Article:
CLIP 3D Printing Technology: Objects Created in Liquid Resin
A New Method of 3D Printing
A new and impressive method of 3D printing was introduced at the TED 2015 conference in Vancouver. It's now available commercially and is continuing to improve. The technology uses ultraviolet light and oxygen to create an object from a pool of liquid resin. As shown in the videos below, the object appears to "grow" from the liquid, reminiscent of the creation of the T1000 from the Terminator 2 movie. In fact, the CEO of the company that created the technology says that he was inspired by this movie.
The new printing method is known as CLIP, which stands for Continuous Liquid Interface Production. CLIP enables strong, functional, and attractive objects to be printed rapidly in an all-in-one process. In other 3D printing methods, a medium is deposited in layers in order to gradually build an object. The process is known as additive manufacturing.
Printing an object by additive manufacturing can be a time-consuming process, taking hours or even days to complete. In addition, because the object is made of layers that are fused together, the final product sometimes lacks strength. The layers may be visible in the final product, giving the object a banded appearance. CLIP can overcome these problems.
TED stands for Technology, Education, and Design. It's a nonprofit organization whose goal is to spread new ideas, primarily through speeches given by people who have something thought provoking to share.
Printing a Lattice Shape With CLIP Technology (7X Speed)
The Carbon Company
The CLIP technology belongs to a company known as Carbon, which is based in Redwood City in California. The company was formerly called Carbon3D and still has the official name of Carbon3D, Inc. Based on the staff descriptions on the company's website, Carbon is run by some highly qualified and experienced people. The company has been in operation since 2013 but kept its endeavours secret—or at least unpublicized—until 2015.
The CEO of the company is Joseph DeSimone. He's on leave from his position as Chancellor's Eminent Professor of Chemistry at the University of North Carolina at Chapel Hill and from his other academic positions. He's said to be very knowledgeable about polymers. His team consists of chemists, engineers, computer scientists, and business people.
Chemistry, engineering, and computer science are involved in a CLIP printer's action. The object is created by starting and stopping chemical reactions. The equipment that allows this to happen in an engineering feat. The instructions that "tell" the equipment what to do are provided by a computer program.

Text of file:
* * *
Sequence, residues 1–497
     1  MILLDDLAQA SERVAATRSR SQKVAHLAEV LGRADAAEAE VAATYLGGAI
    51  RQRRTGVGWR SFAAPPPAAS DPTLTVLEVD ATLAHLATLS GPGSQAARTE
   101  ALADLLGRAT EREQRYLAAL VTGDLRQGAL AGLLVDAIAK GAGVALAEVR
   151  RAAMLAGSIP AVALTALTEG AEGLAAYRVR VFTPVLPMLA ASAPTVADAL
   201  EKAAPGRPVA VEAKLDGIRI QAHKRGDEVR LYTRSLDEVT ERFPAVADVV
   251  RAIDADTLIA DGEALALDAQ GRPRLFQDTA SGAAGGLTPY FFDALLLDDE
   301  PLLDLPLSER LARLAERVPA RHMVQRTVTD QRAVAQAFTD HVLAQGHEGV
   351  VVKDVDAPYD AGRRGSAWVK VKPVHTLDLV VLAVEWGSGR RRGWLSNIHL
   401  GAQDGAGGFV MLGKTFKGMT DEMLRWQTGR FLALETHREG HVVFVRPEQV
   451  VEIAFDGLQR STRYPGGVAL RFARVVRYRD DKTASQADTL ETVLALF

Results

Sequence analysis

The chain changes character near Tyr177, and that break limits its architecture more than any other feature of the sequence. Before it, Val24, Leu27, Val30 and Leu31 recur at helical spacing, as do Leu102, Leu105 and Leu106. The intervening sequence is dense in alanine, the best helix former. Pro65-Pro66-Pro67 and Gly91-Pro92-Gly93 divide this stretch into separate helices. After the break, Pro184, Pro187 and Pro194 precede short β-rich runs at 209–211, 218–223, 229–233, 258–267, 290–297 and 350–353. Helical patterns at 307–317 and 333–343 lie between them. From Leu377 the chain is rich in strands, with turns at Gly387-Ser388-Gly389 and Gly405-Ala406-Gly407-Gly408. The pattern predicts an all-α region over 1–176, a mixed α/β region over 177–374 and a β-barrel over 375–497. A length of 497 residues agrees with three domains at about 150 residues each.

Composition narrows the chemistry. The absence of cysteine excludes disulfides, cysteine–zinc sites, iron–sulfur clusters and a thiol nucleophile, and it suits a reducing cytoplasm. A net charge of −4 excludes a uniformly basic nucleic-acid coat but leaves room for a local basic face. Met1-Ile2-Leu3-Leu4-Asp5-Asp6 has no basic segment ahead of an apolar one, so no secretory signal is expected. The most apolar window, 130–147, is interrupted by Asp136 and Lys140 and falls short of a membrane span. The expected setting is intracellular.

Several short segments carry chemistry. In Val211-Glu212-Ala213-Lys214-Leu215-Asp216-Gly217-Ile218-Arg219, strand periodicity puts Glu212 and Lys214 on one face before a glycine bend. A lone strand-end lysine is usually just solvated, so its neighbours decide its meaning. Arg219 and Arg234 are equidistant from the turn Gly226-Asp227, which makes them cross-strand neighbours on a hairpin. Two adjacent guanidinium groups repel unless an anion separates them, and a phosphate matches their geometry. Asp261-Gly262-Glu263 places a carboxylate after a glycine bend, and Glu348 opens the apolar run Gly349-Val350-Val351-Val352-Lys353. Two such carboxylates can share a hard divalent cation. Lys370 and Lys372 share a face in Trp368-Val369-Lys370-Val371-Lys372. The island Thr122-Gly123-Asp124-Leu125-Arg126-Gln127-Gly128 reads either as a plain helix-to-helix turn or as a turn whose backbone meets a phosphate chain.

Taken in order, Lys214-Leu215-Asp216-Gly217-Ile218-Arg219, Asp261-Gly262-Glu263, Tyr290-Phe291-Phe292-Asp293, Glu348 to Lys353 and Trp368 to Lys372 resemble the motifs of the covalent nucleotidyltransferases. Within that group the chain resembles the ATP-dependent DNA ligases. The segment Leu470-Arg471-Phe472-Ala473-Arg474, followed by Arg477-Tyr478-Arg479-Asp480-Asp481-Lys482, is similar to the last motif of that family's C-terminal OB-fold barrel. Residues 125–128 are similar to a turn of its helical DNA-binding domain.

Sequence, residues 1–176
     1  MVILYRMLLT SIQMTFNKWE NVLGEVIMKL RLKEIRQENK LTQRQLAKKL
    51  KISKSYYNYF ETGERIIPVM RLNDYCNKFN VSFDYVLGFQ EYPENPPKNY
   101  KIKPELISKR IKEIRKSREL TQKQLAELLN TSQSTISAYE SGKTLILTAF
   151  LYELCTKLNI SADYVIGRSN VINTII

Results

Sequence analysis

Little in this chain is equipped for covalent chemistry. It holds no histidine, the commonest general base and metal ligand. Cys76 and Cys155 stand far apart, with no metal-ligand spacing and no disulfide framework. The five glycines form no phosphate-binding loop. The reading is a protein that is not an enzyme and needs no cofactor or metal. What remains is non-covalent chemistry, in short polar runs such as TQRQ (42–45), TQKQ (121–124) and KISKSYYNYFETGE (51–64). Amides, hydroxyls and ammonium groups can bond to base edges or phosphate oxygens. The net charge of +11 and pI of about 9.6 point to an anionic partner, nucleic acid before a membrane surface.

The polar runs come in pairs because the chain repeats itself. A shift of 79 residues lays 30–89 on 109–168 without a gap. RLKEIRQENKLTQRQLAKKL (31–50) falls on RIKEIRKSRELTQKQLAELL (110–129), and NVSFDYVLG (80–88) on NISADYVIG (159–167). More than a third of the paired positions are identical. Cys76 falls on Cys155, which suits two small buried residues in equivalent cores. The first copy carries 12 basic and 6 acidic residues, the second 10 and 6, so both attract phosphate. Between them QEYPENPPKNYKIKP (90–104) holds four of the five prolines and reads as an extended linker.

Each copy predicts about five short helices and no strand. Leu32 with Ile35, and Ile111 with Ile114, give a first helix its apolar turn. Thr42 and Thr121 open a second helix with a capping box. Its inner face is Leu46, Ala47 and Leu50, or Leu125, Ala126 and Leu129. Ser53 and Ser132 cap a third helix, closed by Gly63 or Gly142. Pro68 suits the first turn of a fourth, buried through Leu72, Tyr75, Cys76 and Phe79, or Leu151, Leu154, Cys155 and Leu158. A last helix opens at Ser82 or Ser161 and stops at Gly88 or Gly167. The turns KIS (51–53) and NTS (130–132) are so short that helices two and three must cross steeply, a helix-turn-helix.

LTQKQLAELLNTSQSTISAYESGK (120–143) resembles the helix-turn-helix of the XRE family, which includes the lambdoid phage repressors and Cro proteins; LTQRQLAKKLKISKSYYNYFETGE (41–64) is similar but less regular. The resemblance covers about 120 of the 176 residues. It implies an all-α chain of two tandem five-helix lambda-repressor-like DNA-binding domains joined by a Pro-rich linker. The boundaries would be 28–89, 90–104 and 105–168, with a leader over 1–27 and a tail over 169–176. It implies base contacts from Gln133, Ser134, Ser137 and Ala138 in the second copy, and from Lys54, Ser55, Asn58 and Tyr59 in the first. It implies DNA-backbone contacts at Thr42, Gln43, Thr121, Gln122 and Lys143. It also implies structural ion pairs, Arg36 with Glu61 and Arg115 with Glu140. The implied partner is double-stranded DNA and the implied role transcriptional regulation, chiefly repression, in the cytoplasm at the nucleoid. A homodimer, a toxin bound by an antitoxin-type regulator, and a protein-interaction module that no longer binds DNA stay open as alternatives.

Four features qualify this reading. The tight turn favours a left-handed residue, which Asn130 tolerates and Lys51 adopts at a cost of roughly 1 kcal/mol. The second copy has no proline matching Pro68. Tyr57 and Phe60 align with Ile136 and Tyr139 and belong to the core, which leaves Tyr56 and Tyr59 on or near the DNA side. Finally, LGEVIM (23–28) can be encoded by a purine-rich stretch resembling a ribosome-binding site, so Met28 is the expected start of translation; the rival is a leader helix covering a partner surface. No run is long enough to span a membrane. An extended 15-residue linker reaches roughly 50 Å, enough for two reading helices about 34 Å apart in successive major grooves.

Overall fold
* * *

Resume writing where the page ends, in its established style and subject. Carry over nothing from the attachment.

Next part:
We think that popular 3D printing is actually misnamed - it's really just 2D printing over and over again.— Joseph DeSimone, CEO of Carbon3D, Inc.
Printing a Mini Eiffel Tower in Six Minutes
Printer Structure and Basic Function
In CLIP technology, a build platform moves upwards, pulling a gradually-forming shape out of a container of liquid. The liquid is a resin that is curable by UV light. The term "curing" refers to the hardening of a liquid by the formation of polymers, or long chains of molecules, and the creation of cross-links (bonds) between the polymers. Curing is triggered by the addition of energy, such as ultraviolet light or heat, or by the addition of certain chemicals.
At the bottom of the container of liquid resin is a transparent membrane, or window, that is permeable to oxygen. Underneath the window is a projector that emits ultraviolet light. The Carbon company likens the window to a contact lens, since it allows both light and oxygen to pass through it and enter the resin.
The combination of ultraviolet light and oxygen allows a 3D object to be created. The UV light triggers polymerization and the creation of cross-links in the resin, which causes solidification. Oxygen has the opposite effect. It stops the formation of polymers in the liquid resin immediately above the window and prevents solidification in that region.
A printer needs instructions that control its actions, "telling" it how to translate a 3D graphics model into a real object. These instructions are supplied by sophisticated computer software that controls the variables involved in the printing process.
CLIP 3D Printing in More Detail
In a CLIP printer, a continuous sequence of cross sectional images from a 3D graphics model is projected into the resin. The images are sent in the form of UV light patterns.
A very thin layer of resin just above the window in the liquid resin container is rich in oxygen. The oxygen-rich layer doesn't polymerize as UV light passes through it and is referred to as the dead zone. The resin above the dead zone lacks oxygen and does polymerize when the light strikes it, forming a solid according to the shape of the projected UV image.
The solid is slowly pulled out of the liquid as it forms. The suction forces that are created by this movement cause more liquid to move into position below the object. This means that the object that is being printed can be much taller than the depth of the liquid.
Due to the oxygen-rich resin at the bottom of the container, there is always liquid below the solidifying object, so the object doesn't stick to the bottom of the container. In addition, the object is both created and pulled upwards continually and smoothly without any pauses. These factors help to prevent the formation of layers and bands in the finished product.